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So… we return to the OMD Rock G.P.A.® thread, abandoned almost three weeks ago for a sudden obituary thread for someone I’ve known for over 30 years, a snow day where I didn’t make it into work, lunch hours cut to the bone to make up time spent getting new tires installed, and more of missed postings. It was not my intention to let the OMD thread languish this long…again, but it happened.
The next song in the album sequence was very familiar from two years earlier. “The Romance Of The Telescope” was originally the non-LP B-side of the “Joan Of Arc.” There, it had the appellation “unfinished” added to the title, but that just meant that 3:17 song as produced by OMD and Richard Manwaring had been re-recorded by OMD with Rhett Davies and it was now 3:26 long. It sounded very similar, but like “Motion + Heart [Amazon Version]” it was clearly a re-recording, albeit one very similar to the original. It still had that stark, funereal drumbeat with two beats to the bass drum offset by a handclap. The morose horns may have been from the Novatron but could have been Emulator technology in 1982. The original was almost certainly achieved on the Novatron.
McCluskey’s tender vocals marked this as another of the morose ballads that were the mainstay of this extremely melancholic album. It was of three competing vibes of either ebullient electropop of an ironically cheerful nature, heart rending wrist-slitters, or interstitial “think pieces” marking the spaces in between each extreme. As the dour track progressed, bold pieces of the last album’s DNA were present once more here in this throwback piece. That is to say, the choral tapes and tattoos of military snare drums that took this dramatic piece to its conclusion made it more of a piece with “Architecture + Morality” than the bulk of “Dazzle Ships.”
“Silent Running” was a cinematic ballad of sumptuous melancholy. The bass synth and hi-hat in the intro was joined by widescreen synth strings and tubular bells on the middle eight. McCluskey found the time to leave his best baritone crooning by the wayside to push upward and into the red, as he had earlier on “International” as the song neared its climactic fadeout. It really sounded like music of the open prairie as realized with synthesizers. I always felt the pull of Ennio Morricone here and it would not be the last time that OMD was thinking in that direction.
The next song has always been the biggest lost opportunity in the OMD canon. “Radio Waves” was an ancient song by The Id that was dusted off and inserted seamlessly into the album’s flow. Coming as a brilliant uptick of energy right in the middle of the melancholy of side two. This was the song co-written with John Floyd of The Id, and US Epic got the credits on the whole US “Dazzle Ships” album in error over. Once I got an import pressing of this on CD I realized this mistake. No matter how desperate it seemed that OMD were dusting off old B-sides and songs that predated even those by years, it must be said that “Radio Waves” was the most triumphant missed single opportunity this band ever had.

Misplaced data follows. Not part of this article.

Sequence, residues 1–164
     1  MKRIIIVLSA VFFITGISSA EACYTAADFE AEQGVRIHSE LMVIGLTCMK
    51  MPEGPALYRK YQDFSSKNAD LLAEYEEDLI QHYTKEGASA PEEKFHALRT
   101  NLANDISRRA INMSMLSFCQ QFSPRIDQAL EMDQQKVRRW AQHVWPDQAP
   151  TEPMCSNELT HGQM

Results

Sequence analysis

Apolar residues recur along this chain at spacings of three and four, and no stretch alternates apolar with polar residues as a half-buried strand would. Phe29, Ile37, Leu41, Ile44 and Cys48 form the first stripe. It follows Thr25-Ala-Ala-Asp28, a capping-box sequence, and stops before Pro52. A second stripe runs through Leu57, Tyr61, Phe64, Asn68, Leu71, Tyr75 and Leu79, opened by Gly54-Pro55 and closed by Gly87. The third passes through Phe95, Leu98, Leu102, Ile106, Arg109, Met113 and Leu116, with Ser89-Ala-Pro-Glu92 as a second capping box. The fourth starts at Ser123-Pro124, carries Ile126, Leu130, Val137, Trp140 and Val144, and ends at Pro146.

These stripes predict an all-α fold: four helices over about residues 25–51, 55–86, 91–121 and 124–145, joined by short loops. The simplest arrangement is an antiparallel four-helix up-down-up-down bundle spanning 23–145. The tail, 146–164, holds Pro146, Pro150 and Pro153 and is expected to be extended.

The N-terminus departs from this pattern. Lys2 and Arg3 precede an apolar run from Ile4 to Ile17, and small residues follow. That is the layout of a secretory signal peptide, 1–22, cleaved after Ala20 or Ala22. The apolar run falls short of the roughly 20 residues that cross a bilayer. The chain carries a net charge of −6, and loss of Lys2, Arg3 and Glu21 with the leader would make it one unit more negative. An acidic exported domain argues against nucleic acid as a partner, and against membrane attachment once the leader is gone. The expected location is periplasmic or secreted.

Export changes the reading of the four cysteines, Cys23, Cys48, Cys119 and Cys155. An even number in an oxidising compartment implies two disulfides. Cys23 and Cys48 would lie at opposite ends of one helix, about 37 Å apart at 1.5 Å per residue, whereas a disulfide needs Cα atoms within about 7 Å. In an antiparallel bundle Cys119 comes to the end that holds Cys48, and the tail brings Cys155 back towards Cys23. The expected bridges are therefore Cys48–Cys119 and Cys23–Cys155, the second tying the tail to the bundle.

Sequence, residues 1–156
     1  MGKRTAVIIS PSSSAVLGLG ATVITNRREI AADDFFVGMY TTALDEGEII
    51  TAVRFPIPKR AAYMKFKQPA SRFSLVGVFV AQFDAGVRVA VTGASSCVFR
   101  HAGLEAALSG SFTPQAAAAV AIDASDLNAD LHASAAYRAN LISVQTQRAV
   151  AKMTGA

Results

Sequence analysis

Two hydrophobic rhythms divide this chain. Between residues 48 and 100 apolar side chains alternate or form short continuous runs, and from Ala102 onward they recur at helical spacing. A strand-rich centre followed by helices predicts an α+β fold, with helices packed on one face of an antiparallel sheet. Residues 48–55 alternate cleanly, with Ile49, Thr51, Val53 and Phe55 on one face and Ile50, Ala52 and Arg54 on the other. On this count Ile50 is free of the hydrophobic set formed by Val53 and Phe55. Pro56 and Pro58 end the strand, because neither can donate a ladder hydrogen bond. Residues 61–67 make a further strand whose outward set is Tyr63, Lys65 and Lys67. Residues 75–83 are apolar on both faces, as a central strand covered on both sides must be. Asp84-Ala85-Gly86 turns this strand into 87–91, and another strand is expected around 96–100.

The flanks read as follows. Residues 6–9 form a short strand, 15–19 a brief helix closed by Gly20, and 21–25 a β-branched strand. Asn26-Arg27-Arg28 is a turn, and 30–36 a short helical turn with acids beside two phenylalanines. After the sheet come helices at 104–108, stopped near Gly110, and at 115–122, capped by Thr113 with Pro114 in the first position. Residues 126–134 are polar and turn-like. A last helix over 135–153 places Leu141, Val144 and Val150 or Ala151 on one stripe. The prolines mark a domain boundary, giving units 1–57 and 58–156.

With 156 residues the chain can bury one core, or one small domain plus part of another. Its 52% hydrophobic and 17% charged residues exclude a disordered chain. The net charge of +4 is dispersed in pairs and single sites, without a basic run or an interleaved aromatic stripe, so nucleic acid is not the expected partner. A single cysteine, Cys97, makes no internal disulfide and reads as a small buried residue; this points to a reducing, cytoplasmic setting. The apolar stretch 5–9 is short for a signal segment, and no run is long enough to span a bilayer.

The opening sounded like shortwave radio tuning into different frequencies; attempting to lock onto a signal while the übermotorik drumbeat like that of Klaus Dinger of La Düsseldorf took center stage over the droning synths. Then, Malcolm Holmes threw in a patented Warren Cann motorik backbeat as a fill and the song erupted into full clattering life. The richly chorused synths droned like a phalanx of oboes as McCluskey sang of radio telecomunications and their place in the Cold War. This, thankfully was the deepest of deep cuts the band played when I finally saw them play a headlining set in their 2011 US tour. Every time I listen to this song, I marvel at how the band could have written what would always be one of my favorite songs ever by the band while still in larval form as The Id. It shows that their instincts were spot on brilliant.
The last of the fragmentary bits of sound collage that gave this album an even more chilling air near its climax. “Time Zones” was a series of looped shortwave radio time announcements. [“at the third stroke, it will be… eleven:thirty two”] done in various languages from around the globe. The time announcements loop on their own, at various intervals, though as the piece progresses, they begin to subtly synchronize their tones and rhythms until they are almost in lockstep. Driving home the fact that no matter which culture you are in, the voices of authority; ones that even define time itself, will all become alike as they double down on even the possibility of ambiguity. It all has the inevitability of domineering political power widening and strengthening its grasp over all states equally.
Then the album concludes with the almost numbly desensitized “Of All The Things We’ve Made.” This was another B-side from a single from the last album [“Maid Of Orleans”] re-purposed to guide the album to its almost despairing conclusion. The jangling rhythm guitar from “New Stone Age” was used again here [not surprising as it dated from the same 1981 period] while Malcolm Holmes kept up a steady unwavering beat that lasted almost entirely throughout the 3:32 song. Only a simple [but heartbreaking] piano melody fleshed out the minimal composition. The utter melancholy of McCluskey’s vocals managed to sap the album on any vestigial energy that it might have held from “Radio Waves” two tracks earlier. the recording was another re-recording but this one seemed even closer to the original B-side than “Romance Of The Telescope” had been. Ultimately, this was a poignant ending to an embittered album.
Next: …Non Nuclear Fallout